By Nimrod Frazer
Rainbow Division Veterans Foundation, 2018
Editor/Publisher Michael Hanlon, Reviewer
|Machine Gunners of the 35th Missouri-Kansas Division in the |
Opening of the Meuse-Argonne Offensive
Korean War veteran and banking executive Nimrod (Rod) Frazer has turned into a crackerjack military historian during the World War I Centennial. His father Will had served in the war with the 167th Infantry (formerly 4th Alabama) Regiment of the AEF's 42nd Rainbow Division. Convinced that his dad and his mates were slowly fading out of the nation's collective memory, about a decade ago Frazer initiated a multi-prong effort to commemorate the service of the 167th. He acquired the property on which the unit fought one of its early, defining battles, Croix Rouge Farm, located just north of the River Marne. Then he commissioned a memorial for the site by British sculptor James Butler. Today that "Rainbow Soldier" statue is a pilgrimage site for all Americans visiting the Western Front. Concurrently, he enthusiastically and successfully embraced the challenge of becoming a military historian, researching and writing a history of the 167th Infantry, Send the Alabamians, to which we gave a very positive review on 16 September 2014.
With one success under his belt, Frazer took on a bigger historical project, an examination of a major sub-campaign of the Doughboys' greatest and costliest battle of the war, the Meuse-Argonne Offensive. In The Best World War I Story I Know: On the Point in the Argonne, September 26–October 16, 1918, the author examines the effort to break the Hindenburg Line on the west side of Pershing's broad advance to Sedan. The key defensive position of the German Army was along the third of four defensive positions in the sector, the Kriemhilde Stellung, located in a hilly area know as the Romagne Heights. Among these hills, Hill 260, or the Côte de Châtillon, provided the best observation post for the enemy, and consequently, was the most highly fortified.
Click on Map to Enlarge
|This Map from the New Trail System in the Region Shows the |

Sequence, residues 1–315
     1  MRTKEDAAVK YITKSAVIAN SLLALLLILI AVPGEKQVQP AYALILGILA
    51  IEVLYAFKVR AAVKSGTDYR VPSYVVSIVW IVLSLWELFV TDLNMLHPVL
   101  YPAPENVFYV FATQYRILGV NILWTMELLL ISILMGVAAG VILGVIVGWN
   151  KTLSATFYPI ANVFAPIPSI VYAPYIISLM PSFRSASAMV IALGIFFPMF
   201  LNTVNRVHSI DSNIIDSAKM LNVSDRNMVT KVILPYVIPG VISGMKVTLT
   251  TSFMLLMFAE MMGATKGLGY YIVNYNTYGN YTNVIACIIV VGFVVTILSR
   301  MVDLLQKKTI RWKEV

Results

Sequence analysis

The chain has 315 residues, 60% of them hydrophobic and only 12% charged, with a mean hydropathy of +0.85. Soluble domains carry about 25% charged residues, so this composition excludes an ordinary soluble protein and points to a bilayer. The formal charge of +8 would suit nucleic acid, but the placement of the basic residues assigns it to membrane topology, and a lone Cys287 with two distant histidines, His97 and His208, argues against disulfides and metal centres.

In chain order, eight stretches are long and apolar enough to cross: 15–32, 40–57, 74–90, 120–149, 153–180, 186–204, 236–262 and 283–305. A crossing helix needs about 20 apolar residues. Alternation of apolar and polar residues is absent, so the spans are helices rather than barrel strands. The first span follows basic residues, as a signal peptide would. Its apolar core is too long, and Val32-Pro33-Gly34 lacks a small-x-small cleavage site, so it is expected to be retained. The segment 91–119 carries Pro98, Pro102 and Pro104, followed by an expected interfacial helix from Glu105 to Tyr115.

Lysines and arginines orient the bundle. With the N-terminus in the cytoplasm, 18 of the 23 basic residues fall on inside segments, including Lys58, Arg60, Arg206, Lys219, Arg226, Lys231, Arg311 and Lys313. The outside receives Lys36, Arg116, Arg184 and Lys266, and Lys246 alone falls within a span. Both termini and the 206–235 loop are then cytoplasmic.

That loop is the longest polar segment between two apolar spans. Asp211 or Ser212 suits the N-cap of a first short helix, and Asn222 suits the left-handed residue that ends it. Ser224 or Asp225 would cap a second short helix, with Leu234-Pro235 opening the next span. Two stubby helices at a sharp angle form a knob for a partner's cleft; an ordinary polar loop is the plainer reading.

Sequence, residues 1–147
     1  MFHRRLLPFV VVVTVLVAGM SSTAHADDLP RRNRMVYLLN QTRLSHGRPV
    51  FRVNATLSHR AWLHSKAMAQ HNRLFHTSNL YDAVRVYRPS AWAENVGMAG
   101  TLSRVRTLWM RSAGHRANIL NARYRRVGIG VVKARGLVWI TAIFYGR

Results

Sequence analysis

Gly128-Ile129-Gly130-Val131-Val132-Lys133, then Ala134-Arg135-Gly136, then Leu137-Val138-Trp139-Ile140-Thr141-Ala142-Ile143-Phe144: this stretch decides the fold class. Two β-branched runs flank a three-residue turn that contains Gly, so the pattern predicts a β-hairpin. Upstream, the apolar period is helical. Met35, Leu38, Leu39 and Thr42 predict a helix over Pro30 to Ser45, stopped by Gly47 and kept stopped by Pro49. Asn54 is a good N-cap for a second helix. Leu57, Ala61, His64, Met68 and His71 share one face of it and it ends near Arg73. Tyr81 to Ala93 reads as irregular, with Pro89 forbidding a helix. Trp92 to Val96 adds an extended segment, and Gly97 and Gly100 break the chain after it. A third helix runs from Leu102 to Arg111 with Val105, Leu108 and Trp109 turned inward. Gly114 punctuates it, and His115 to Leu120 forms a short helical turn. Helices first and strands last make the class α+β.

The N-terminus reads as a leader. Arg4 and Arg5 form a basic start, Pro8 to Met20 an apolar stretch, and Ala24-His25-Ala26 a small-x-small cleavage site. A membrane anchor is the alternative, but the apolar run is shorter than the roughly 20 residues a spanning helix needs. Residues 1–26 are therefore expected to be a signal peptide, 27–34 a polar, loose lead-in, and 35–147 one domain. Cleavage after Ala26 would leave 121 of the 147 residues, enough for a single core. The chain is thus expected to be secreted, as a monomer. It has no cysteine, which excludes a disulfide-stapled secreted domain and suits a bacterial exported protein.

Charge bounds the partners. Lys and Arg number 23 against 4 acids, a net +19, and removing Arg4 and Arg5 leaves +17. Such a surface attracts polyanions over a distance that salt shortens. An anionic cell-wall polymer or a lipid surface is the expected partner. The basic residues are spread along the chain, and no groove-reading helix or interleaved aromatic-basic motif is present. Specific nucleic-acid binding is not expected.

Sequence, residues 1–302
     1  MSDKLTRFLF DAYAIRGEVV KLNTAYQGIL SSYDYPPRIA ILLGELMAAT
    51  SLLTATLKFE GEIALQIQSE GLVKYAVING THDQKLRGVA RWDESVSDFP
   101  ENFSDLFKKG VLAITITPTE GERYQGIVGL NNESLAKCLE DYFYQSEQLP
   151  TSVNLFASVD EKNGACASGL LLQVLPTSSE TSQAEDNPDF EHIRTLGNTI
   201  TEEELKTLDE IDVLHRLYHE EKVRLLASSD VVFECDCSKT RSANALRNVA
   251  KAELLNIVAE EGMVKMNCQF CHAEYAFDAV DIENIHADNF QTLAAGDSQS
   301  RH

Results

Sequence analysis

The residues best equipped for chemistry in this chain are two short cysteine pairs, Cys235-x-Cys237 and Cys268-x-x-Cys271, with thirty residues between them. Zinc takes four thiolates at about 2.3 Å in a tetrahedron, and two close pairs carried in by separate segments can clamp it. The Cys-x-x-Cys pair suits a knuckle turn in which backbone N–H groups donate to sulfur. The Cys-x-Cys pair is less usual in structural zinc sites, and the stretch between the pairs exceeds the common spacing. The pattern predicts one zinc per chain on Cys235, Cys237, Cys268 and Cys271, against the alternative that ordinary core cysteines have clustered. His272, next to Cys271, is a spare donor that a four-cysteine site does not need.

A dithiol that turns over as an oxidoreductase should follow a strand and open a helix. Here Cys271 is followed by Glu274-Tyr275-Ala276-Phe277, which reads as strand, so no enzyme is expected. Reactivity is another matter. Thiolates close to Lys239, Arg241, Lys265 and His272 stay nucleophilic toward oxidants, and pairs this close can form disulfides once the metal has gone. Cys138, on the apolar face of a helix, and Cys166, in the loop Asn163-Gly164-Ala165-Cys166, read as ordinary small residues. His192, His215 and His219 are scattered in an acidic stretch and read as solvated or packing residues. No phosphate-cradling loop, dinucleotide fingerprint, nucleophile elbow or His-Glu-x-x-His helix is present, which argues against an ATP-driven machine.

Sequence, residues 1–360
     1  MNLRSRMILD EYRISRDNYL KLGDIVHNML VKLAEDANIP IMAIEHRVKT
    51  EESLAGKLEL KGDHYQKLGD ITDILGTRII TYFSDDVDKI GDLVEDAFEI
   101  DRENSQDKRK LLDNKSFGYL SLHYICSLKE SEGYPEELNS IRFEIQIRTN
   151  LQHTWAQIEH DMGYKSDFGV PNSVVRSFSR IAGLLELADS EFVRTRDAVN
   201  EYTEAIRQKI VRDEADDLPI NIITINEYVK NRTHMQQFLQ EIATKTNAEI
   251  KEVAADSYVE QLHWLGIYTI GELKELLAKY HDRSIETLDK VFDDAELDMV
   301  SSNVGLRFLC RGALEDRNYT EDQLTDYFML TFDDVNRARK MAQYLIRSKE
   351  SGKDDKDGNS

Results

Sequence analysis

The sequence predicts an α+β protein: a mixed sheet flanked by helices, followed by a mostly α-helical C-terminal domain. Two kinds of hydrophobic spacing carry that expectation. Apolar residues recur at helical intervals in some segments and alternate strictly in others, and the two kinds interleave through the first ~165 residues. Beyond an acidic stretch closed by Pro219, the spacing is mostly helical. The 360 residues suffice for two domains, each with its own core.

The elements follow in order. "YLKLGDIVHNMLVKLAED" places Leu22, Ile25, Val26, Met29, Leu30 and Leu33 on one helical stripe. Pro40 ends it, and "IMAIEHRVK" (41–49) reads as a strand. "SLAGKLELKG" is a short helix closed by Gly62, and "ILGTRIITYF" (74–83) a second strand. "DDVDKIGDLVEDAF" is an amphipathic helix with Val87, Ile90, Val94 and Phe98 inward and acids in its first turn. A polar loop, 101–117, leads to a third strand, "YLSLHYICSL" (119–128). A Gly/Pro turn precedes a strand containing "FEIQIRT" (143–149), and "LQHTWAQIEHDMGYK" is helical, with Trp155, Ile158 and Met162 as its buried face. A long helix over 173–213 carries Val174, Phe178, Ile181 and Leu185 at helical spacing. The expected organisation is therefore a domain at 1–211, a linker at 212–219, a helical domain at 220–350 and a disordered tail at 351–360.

Progression of the Three-Division Attack, and the Insert Shows
Its Position in the Meuse-Argonne Offensive
In advancing the 12 miles to Côte de Châtillon and succeeding in capturing it, the U.S. First Army would exhaust three of its 28,000-man divisions: the 35th Missouri-Kansas National Guard, General Pershing's showcase 1st Division, and the 42nd Rainbow Division composed of select National Guardsmen from across the country. In telling us, "The history of how these three divisions managed such a feat is the best story I know from WWI," the author reveals to us the inspiration for his title.
The story proceeds chronologically, beginning on 26 September with the utterly inexperienced 35th National Guard Division, accompanied by Lt. Col. George Patton's tanks, advancing fairly well—three miles—over open rolling countryside on the battle's first day. But trouble soon arises as the enemy shows more resistance. The division's communications and logistics quickly break down—the generals don't know what's happening up front, artillery and infantry are out of sync, and incoming gas, the management of casualties, and the provision of ammunition become major problems. By day three, the division had lost the capability to sustain its attack. Pershing quickly realized he had no choice but to relieve the 35th and send it to a quiet sector.
|One of the Most Famous Photos of the War Shows 1st Division Doughboys Fighting in Exermont Ravine During This Action|
There's much I liked about The Best World War I Story I Know and much I learned. Rod Frazer has done a terrific job tying together a three-division campaign in a coherent fashion, but the thoroughness of his work doesn't stop at this overview level. There are excellent discussions of small unit actions—his discourse on the work of the 151st [Georgia] Machine Battalion in the last action is a classic, for example. More than any comparable military history works I can remember, he also remembers to honor the contributions of the individual Doughboys, and, in one case, a brave French liaison officer, Capitaine Maurice Drouhin. Let me not forget either, GREAT MAPS.
|After the Victory|
The 151st Machine Gun Battalion, 42nd Rainbow Division